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  1. #1
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    Off-Topic Coding Question...

    This question is from my e-commerce class. I'm having a hard time trying to find the answer (I know nothing about computer hardware) - "Assuming that you have two processors of the same architecture, why might you want to use one with a higher frequency?" (I'm assuming that "processors" referred to the processors inside a CPU?).
    Last edited by jihanemo; 11-13-2008 at 03:08 AM.

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    I have a feeling the question is asking if you had two processors and you could only put one in the computer, why would you want to use the one with the higher frequency.

    As the the answer, the higher the frequency the faster the processor will execute instructions. For example a 1.8GHz processor will be slower than a 2.4GHz processor. However the question is kind of out dated, before around 2005, processor frequency is that all really mattered which is why it spiked close to 4GHz. However now days the focus is on getting the most performance with the least amount of power used. So for example a 2.4GHz Core 2 Duo processor will be faster than a 3.0GHz Pentium 4. The reason for this is that they've made how the processor works better, and having more cores inside the processor at a lower frequency makes the processor able to do much more at a slower speed.
    OracleGuy

  • #3
    Senior Coder tomws's Avatar
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    Quote Originally Posted by oracleguy View Post
    However now days the focus is on getting the most performance with the least amount of power used. So for example a 2.4GHz Core 2 Duo processor will be faster than a 3.0GHz Pentium 4.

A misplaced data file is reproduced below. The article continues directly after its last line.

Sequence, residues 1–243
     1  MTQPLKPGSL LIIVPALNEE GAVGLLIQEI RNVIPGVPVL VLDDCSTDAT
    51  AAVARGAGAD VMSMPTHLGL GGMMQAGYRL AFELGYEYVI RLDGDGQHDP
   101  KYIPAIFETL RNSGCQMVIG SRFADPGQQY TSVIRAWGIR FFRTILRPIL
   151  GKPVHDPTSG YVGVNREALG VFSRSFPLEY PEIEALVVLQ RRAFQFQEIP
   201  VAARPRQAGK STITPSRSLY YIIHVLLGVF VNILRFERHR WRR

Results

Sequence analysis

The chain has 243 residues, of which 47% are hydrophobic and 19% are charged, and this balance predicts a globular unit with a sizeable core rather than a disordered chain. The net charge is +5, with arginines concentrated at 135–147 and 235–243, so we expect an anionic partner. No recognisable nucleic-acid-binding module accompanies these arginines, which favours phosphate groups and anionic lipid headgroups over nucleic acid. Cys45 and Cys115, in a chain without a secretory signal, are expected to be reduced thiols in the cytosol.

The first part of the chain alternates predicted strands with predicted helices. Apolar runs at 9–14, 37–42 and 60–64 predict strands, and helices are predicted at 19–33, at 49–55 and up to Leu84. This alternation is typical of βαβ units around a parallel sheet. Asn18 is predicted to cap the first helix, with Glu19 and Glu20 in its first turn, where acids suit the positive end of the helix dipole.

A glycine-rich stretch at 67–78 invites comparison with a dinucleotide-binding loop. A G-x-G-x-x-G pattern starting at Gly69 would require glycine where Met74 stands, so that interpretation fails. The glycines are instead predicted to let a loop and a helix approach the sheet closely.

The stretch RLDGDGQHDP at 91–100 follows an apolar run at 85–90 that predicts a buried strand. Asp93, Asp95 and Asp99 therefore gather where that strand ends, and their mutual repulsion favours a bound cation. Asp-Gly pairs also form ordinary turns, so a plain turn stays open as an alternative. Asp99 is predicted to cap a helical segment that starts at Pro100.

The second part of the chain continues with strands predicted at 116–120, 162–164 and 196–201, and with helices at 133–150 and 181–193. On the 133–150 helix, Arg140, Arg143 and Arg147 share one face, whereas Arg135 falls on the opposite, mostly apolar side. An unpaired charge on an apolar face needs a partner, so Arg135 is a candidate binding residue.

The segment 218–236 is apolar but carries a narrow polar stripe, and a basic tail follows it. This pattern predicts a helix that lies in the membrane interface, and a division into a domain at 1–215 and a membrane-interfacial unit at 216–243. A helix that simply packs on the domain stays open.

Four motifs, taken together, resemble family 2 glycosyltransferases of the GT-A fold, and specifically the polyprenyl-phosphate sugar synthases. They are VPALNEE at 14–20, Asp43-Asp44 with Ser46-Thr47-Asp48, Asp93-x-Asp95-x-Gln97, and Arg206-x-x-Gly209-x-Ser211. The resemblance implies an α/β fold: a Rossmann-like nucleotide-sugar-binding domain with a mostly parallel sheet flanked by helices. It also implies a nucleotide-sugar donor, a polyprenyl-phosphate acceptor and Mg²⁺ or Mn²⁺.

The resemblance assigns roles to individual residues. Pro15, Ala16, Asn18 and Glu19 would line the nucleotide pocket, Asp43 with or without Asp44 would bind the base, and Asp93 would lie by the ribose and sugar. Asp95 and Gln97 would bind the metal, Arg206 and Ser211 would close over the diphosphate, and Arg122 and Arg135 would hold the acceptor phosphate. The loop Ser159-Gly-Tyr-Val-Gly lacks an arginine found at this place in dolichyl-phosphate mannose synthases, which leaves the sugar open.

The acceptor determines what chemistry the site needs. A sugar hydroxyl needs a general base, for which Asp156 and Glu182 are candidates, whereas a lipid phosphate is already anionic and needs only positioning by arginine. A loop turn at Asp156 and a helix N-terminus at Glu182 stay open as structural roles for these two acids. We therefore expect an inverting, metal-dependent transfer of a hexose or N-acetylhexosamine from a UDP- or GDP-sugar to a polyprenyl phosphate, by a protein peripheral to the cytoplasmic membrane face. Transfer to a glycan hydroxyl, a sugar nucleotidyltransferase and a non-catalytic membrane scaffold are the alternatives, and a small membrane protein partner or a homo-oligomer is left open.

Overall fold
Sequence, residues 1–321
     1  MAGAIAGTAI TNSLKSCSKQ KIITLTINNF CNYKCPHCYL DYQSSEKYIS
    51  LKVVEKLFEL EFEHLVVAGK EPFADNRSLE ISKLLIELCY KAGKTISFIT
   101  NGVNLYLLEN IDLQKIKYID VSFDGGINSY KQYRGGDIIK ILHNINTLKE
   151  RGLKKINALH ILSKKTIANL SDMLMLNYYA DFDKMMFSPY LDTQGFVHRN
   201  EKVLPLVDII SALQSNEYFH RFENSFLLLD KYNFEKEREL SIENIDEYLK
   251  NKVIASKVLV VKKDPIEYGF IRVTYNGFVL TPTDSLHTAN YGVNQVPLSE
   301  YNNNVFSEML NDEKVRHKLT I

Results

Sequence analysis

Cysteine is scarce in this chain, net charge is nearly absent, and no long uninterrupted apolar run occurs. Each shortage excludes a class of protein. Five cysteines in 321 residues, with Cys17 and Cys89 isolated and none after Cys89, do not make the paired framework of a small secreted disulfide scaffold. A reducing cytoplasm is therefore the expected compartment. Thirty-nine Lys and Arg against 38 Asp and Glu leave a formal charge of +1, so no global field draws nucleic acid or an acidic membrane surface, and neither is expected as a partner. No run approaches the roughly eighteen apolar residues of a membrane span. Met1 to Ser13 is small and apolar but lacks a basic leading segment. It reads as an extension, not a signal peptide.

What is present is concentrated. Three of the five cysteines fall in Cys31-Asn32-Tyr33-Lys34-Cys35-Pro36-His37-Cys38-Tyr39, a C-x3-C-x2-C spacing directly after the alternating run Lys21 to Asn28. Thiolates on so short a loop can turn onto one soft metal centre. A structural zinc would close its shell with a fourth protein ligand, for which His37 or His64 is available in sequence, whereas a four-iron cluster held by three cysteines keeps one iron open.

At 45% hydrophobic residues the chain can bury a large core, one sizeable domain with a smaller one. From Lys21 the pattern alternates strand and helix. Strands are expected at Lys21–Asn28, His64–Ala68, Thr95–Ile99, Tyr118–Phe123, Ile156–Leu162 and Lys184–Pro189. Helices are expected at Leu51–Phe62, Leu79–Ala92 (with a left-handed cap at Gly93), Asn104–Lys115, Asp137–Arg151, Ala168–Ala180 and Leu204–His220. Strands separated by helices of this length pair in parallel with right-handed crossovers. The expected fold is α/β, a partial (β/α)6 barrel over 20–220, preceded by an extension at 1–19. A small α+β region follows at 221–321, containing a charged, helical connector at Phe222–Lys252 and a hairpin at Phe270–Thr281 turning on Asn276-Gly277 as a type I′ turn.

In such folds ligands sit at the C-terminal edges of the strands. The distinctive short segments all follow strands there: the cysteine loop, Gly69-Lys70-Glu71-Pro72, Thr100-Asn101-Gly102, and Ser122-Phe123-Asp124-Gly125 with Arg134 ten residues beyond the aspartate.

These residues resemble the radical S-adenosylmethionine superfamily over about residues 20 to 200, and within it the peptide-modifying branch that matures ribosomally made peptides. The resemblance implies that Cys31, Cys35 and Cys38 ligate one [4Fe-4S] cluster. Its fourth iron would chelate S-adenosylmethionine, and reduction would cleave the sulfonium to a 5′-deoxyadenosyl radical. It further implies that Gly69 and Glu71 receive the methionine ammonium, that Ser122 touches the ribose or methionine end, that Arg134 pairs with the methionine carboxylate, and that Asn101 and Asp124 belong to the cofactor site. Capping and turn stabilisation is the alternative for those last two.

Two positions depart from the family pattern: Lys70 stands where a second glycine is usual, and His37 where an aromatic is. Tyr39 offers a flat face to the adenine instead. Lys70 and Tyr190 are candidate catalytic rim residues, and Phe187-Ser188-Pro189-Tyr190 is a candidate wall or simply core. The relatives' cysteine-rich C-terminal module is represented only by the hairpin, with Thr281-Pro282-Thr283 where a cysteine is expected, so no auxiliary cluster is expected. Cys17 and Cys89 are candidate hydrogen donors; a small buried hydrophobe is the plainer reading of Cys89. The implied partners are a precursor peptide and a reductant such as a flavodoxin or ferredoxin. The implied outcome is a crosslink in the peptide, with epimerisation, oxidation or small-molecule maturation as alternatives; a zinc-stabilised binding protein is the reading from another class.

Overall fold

The qualification in the homework question of "two processors of the same architecture" makes it easier than this, though, so the first part of the answer hits it correctly.

  • #4
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    Quote Originally Posted by tomws View Post
    The qualification in the homework question of "two processors of the same architecture" makes it easier than this, though, so the first part of the answer hits it correctly.
    A C2D processor and a P4 are the same architecture though, they both implement the Intel x86 architecture. They are however, different processor families; unless the question is misusing the word architecture to mean family.
    OracleGuy

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    Senior Coder tomws's Avatar
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    In that case, I'm guessing it's a technical misuse of terminology since it's a question for an e-commerce class rather than a CS-related architecture class or something from an engineering curriculum.

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    Thanks, guys!


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